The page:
While Island Center Forest will be open for deer hunting during an abbreviated season in October, the King County Parks-managed forestland will not be part of the special August deer-hunting season on private land on Vashon-Maury Island that was recently established by the Washington Department of Fish and Wildlife.
StoryA recently added hunting season for deer on private land on Vashon-Maury Island does not include King County Parks’ Island Center Forest, where the annual limited deer-hunting season is set for Oct. 15-31, and when no other access will be permitted on 220 acres of forestland.
The Washington Department of Fish and Wildlife (WDFW) added a special deer-hunting season on private lands to better control the growing deer population on Vashon-Maury Island, where the deer have no natural predators.
The brief Island Center Forest hunting season during the second half of October coincides with WDFW’s designated modern firearm hunting season, when all firearms can be used, except rifles. This limited hunt replaces the state’s established five-month-long hunting season in Island Center Forest.
Formerly owned and managed by Washington Department of Natural Resources, Island Center Forest is the only public land on Vashon Island where deer hunting has been allowed. The state transferred ownership of the forest to King County in 2004, and an agreement to continue a limited annual deer-hunting season was a part of the ownership transfer.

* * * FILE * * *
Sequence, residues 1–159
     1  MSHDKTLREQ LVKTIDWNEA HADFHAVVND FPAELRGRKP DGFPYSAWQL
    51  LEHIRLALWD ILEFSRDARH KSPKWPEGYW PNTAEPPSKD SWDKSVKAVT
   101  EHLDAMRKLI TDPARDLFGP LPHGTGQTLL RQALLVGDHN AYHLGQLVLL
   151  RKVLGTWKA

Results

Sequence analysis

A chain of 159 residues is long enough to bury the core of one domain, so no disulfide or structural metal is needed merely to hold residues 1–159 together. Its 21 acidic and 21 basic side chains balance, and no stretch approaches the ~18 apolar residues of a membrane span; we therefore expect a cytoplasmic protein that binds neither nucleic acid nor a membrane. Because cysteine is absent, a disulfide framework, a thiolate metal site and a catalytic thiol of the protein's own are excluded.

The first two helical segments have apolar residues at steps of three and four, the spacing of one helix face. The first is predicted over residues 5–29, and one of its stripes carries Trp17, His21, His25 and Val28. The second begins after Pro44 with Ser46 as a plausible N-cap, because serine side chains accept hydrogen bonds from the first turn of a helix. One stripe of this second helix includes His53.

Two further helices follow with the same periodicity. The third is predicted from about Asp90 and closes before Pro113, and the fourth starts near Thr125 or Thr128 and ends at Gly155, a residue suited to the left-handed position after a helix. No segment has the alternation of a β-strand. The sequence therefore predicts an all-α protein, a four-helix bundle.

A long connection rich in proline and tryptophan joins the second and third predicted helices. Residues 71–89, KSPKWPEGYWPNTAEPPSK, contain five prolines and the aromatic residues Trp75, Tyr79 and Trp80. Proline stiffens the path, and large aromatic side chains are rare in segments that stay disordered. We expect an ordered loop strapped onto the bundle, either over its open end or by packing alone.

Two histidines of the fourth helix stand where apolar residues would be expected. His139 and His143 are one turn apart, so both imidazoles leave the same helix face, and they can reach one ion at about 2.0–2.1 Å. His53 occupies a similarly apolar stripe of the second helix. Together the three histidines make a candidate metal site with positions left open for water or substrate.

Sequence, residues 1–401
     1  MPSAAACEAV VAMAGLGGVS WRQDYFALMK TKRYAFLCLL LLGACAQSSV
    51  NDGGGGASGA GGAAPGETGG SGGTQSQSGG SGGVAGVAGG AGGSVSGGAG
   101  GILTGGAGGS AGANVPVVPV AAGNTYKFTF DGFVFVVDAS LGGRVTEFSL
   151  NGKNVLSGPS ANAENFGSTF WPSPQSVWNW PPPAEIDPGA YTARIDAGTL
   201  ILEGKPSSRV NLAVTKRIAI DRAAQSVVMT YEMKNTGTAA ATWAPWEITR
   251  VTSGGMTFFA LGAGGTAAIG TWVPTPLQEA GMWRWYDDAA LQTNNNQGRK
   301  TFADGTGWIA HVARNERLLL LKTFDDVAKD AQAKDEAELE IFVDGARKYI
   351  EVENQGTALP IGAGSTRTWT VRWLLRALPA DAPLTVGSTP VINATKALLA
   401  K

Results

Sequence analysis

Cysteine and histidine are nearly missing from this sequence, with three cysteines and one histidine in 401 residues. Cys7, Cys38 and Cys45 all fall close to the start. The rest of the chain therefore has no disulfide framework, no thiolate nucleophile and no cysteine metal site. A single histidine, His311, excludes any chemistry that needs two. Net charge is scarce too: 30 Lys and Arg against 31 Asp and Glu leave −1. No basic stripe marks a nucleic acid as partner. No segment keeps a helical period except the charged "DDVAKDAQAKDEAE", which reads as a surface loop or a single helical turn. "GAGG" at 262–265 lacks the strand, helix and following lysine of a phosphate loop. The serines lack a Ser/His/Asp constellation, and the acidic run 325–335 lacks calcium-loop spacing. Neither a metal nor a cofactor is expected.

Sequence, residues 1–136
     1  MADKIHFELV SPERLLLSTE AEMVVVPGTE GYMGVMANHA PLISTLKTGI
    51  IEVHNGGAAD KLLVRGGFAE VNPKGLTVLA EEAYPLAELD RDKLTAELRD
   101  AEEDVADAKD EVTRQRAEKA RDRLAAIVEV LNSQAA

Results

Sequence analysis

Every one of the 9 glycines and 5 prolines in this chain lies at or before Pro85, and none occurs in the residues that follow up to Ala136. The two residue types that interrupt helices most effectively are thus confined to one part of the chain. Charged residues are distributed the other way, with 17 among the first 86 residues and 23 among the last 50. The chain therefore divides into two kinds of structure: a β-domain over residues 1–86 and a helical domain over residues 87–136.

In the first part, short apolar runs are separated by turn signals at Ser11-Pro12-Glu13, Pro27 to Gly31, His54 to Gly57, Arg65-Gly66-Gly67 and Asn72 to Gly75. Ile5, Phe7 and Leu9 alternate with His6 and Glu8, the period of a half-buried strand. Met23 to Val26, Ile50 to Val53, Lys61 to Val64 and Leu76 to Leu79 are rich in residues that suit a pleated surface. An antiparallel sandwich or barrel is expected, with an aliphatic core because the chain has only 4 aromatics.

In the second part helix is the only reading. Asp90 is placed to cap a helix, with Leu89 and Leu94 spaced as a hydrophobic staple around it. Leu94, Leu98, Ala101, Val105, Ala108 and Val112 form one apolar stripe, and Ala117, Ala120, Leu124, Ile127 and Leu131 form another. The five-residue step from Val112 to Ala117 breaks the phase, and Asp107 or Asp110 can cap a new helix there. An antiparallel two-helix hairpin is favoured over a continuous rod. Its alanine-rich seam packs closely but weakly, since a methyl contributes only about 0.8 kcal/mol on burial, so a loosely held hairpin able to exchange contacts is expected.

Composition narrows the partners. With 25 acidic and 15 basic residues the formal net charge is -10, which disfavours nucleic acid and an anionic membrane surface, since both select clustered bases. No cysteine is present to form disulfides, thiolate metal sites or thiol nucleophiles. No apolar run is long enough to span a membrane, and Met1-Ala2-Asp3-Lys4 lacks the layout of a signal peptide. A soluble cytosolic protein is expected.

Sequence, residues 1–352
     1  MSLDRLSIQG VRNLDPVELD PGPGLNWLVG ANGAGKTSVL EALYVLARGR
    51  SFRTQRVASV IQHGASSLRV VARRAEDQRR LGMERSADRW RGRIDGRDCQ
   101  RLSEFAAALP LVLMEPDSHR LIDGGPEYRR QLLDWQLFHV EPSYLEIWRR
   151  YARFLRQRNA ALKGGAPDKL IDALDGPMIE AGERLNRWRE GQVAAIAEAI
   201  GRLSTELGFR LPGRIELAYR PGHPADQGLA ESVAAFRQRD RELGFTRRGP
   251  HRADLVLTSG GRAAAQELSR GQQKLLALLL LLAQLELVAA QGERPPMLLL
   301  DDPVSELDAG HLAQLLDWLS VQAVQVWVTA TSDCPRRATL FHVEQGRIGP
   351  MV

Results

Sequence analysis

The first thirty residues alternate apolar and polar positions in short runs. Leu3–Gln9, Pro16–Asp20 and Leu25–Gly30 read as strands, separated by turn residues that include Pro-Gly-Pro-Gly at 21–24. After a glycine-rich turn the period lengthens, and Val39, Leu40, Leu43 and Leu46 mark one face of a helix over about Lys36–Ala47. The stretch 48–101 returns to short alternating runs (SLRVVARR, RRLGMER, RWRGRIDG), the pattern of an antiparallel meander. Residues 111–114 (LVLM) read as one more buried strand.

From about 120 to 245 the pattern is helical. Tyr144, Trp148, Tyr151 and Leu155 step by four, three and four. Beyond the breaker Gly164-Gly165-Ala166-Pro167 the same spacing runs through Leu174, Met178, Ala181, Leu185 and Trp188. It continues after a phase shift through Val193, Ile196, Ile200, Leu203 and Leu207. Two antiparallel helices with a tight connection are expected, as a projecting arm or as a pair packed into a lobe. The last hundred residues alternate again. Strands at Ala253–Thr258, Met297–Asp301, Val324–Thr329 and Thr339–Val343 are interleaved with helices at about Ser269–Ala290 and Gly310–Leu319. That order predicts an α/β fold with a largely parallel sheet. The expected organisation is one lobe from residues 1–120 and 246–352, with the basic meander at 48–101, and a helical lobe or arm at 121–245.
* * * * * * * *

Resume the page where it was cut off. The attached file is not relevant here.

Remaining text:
Vashon Island’s largest public open space, Island Center Forest and Natural Area has 9 miles of trails that are shared by hikers, mountain bikers, runners and equestrians.
King County Parks manages the land in collaboration with community partners who make up the Friends of Island Center Forest, a diverse group that includes the Vashon Forest Stewards, Vashon-Maury Island Horse Association, Vashon Sportsmen’s Club, Vashon-Maury Island Land Trust, Vashon-Maury Island Audubon, outdoor enthusiasts and other community members.
More information about the Island Center Forest deer hunt is available by contacting David Kimmett, 206-477-4573; email@example.com.
• Island Center Forest and Natural Area
FOR MORE INFORMATION, CONTACT:
Doug Williams, King County Department of Natural Resources and Parks, 206-477-4543
About King County Parks
King County Parks - Your Big Backyard - offers more than 200 parks and 28,000 acres of open space, including such regional treasures as Marymoor Park and Cougar Mountain Regional Wildland Park, 175 miles of regional trails, 215 miles of backcountry trails and a world-class aquatic center. By cultivating strong relationships with non-profit, corporate and community partners, King County Parks enhances park amenities while reducing costs.